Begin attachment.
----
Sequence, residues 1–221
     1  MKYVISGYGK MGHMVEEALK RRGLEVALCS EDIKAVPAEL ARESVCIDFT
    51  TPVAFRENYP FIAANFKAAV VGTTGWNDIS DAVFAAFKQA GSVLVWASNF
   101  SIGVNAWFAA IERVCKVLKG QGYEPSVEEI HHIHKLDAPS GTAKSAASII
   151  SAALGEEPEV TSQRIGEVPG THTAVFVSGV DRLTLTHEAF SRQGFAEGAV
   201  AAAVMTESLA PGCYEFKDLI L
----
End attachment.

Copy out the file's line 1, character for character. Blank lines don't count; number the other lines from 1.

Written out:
Sequence, residues 1–221